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You are my sunshine

A journey into the Genesis creation account: part seven

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This article is the sixth part of a series on the Genesis creation account. Here are parts one, two, three, four, five and six.

And God said, ‘Let there be light’, and there was light” (Gen 1:3).1

In and of itself, there is nothing particularly outlandish about this verse. If God created the entire universe, surely turning the light on, as would a carpenter entering his shop, should not be cause for concern.

But some readers get bent out of shape when they realize that light appears before the creation of the sun on the fourth day (vv. 14-19).

For some, that is even reason enough to dismiss the entire account as a whole lot of nonsense, surmising that if the author was so smart, he would certainly have caught this glaring inconsistency.

As with many other things in Scripture, there is more here than meets the eye.

That the light emerges before the creation of the sun may initially seem a little strange, but there is a good reason for this.

Ancient Near Eastern men and women believed in what today we might call the gods of the gaps, deities that were responsible for specific tasks and who would express themselves through nature.

The Israelites’ neighbours believed the sun and the moon were deities to be worshipped and honoured, and that the stars embodied the will of the gods.

As followers of the one true God, the Israelites were not permitted to nurture such beliefs. Moses’ mandate was to ensure they would embrace the truth about the creator and his creation, and that they would be immunized against Canaanite disinformation.

By uncoupling the light from the sun, Torah underlines the fact that the creator of the whole “machine” is the source of light. No need for a fiery star. This shocking idea is reintroduced near the end of the book of Revelation where light is also dissociated from the sun:

There will be no more night. They will not need the light of a lamp or the light of the sun, for the Lord God will give them light. And they will reign for ever and ever” (Rev 22:5; see also Is 60:19).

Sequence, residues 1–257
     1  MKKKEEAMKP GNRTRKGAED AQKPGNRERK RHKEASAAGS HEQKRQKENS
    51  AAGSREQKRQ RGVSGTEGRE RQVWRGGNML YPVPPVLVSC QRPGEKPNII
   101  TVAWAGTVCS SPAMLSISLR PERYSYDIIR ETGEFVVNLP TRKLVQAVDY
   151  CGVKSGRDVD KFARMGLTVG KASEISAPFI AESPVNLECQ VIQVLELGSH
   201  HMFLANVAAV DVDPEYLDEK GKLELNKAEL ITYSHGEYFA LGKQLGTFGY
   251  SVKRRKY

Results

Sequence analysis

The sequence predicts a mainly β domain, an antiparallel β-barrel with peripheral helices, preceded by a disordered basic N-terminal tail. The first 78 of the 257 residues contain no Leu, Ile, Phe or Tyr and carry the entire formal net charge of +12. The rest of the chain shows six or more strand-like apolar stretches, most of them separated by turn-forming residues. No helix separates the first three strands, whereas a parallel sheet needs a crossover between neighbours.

But Moses goes further. In verses 14-16, he trivializes the sun, the moon, and the stars. Not only doesn’t he bother using the proper names for the celestial objects, but like a good standup comic, he subtly ridicules those who worship the sun and the moon as gods:

And God said, “Let there be lights in the dome of the sky to separate the day from the night; and let them be for signs and for seasons and for days and years, and let them be lights in the dome of the sky to give light upon the earth.” And it was so. God made the two great lights — the greater light to rule the day and the lesser light to rule the nightand the stars.

He is saying: “Those things in the sky the Canaanites worship. Do you know what they really are? The sun is no god to be feared or worshipped. It’s just a giant lightbulb. The moon, a smaller lightbulb. And the stars? Christmas lights. That’s it, that’s all. You’ve been a great audience.”

With these words, Moses exterminates the most prominent deities of the ancient Near East. As surely as herbicide neutralizes the pesky dandelions that plague our lawns, on the day this text was proclaimed, the fake gods began to shrivel and die.

The far-reaching impact of Moses’ deconstruction of the Canaanites’ worldview can be felt throughout the entire Old Testament. The prophet Jeremiah picks up Moses’ comic routine in his biting parody of those who worship pieces of wood they themselves made:

They are all senseless and foolish; they are taught by worthless wooden idols. Hammered silver is brought from Tarshish and gold from Uphaz. What the craftsman and goldsmith have made is then dressed in blue and purple — all made by skilled workers. But the LORD is the true God; he is the living God, the eternal King. When he is angry, the earth trembles; the nations cannot endure his wrath. 11 “Tell them this: ‘These gods, who did not make the heavens and the earth, will perish from the earth and from under the heavens.'” But God made the earth by his power; he founded the world by his wisdom and stretched out the heavens by his understanding (Jer 10:8-12).

The dissociation of the light from the sun in Genesis 1 adds extraordinary significance to what Jesus meant when he said: “I am the light of the world” (John 8:12).

By claiming to be the light of the world, he disclosed the unbearable truth that the one who created the heavens and the earth was in fact Him (cf. Col 1:16).

No wonder they killed him.


For a more detailed discussion of the creation narrative and its theological implications, see Pierre Gilbert, Demons, Lies & Shadows: A Plea for a Return to Text and Reason (Winnipeg, MB: Kindred, 2008). 

1 Unless otherwise stated, all Scripture references are from the New International Version (2011).

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